OPINION: ABA is often an effective therapy
Updated: Jun 13
What is Applied Behavioural Analysis (ABA)?
Applied Behavioural Analysis (ABA) has proved to be an effective therapy for people with autism. According to Autism Speaks, ABA is a therapy based on learning and behavioural science. Behavioural analysis helps people understand how behaviour works, how the environment affects behaviour and how learning happens. ABA's goal is to improve helpful behaviours and decrease harmful behaviours.
What are ABA's effective strategies?
According to Applied Behavioural Analysis Programs Guide, strategies ABA uses to improve learning and outcomes include:
Behaviour contracts: Therapists list a positive behaviour and remind the student what to do to get a reward.
Errorless teaching: Instructors can use hints to prevent errors from happening.
Generalization: Therapists can observe what a child has learned in one setting and help apply it to another.
Prompting: Therapists may use cues to help students understand what they are supposed to do.
Picture exchange communication systems: Students can pick a picture to express what they want or how they feel until vocabulary improves.
Peer-mediate social skills training: Instructors can involve other children as models for appropriate behaviour.
Positive and negative reinforcement: Positive reinforcement occurs when a therapist rewards a student for doing the right thing. For example, "You get a jelly bean for saying thank you." Negative reinforcement happens when a therapist punishes a student for doing the wrong thing. An example would be, "Since you're not sharing, there will be no ice cream this afternoon."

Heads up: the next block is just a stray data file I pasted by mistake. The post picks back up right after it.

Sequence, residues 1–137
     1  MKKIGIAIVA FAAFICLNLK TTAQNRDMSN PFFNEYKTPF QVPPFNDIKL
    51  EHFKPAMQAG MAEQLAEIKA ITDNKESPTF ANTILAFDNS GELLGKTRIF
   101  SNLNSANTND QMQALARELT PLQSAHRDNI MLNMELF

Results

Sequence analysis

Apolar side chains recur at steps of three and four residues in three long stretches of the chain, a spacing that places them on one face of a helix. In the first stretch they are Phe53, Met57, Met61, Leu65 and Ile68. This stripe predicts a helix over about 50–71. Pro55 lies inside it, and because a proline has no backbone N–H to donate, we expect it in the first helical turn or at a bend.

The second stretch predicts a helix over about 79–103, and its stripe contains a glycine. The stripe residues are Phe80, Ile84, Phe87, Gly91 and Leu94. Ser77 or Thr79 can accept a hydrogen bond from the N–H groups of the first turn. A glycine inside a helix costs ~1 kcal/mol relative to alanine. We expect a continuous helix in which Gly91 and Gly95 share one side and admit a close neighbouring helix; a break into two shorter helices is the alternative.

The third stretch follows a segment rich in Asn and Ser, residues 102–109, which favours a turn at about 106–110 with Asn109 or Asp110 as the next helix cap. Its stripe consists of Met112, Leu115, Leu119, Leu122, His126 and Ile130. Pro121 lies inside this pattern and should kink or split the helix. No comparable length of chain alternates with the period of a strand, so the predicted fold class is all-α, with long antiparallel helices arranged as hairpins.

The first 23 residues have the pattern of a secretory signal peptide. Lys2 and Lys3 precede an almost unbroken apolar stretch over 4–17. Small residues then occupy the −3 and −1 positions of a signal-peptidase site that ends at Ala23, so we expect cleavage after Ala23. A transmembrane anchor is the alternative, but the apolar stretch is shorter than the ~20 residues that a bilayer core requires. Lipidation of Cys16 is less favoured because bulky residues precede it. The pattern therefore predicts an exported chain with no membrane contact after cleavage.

Task analysis: Instructors learn about a student instead of correcting or praising behaviours. The therapists can then assess what they can do to make future activities easier for them.
Video modeling: Visual learners may especially benefit from this one. Therapists can show students videos involving appropriate behaviours to remind them of what to and what not to do.
This video by the Autism Behavioural Intervention Association shows an ABA session involving verbal reasoning skills.
ABA also focuses on a child's unique abilities and challenges rather than using just one approach or concentrate on one problematic symptom. A therapy that focuses on a particular person can make a big difference.
What are the positive outcomes from ABA?
According to Autism Speaks Canada, many studies including age ranges from preschoolers to adults skills which ABA has helped people with autism increase, but are not limited to:
Functioning in school
Participation in community and family activities
Social relationships and
Understanding people's perspectives.
According to Sprout, despite past controversies with ABA, medical research has shown that modern ABA approaches work well for most people on the spectrum. For example, one peer-reviewed study indicated that 17 out of 21 ABA children who had got 35 to 40 hours of ABA per week took regular education instead of special education.
This video by the Hopebridge Autism Therapy Centers outlines successes families have had with ABA.
What may convince people that ABA isn't effective?
Some parents may argue that ABA doesn't allow a person to be themselves. Depending on the family and individual's situation, while some may be uncomfortable with adapting to normal behaviour and feel fine the way they are, others may be willing to learn. ABA can still be helpful if therapists do it correctly and present it in a non-abusive, fun manner to the student. Students may also want to achieve normal behaviour this way.
How can people look at ABA?
People can look at ABA as a human behaviour course. This course can be a stepping stone for children and their parents who eventually want to achieve milestones their peers can accomplish. If one feels like they can't perform many things their peers can, it isn't a great feeling. Early intervention can ensure this may limit these feelings.
Overall, ABA is an effective therapy, which has helped improve many lives on the spectrum.
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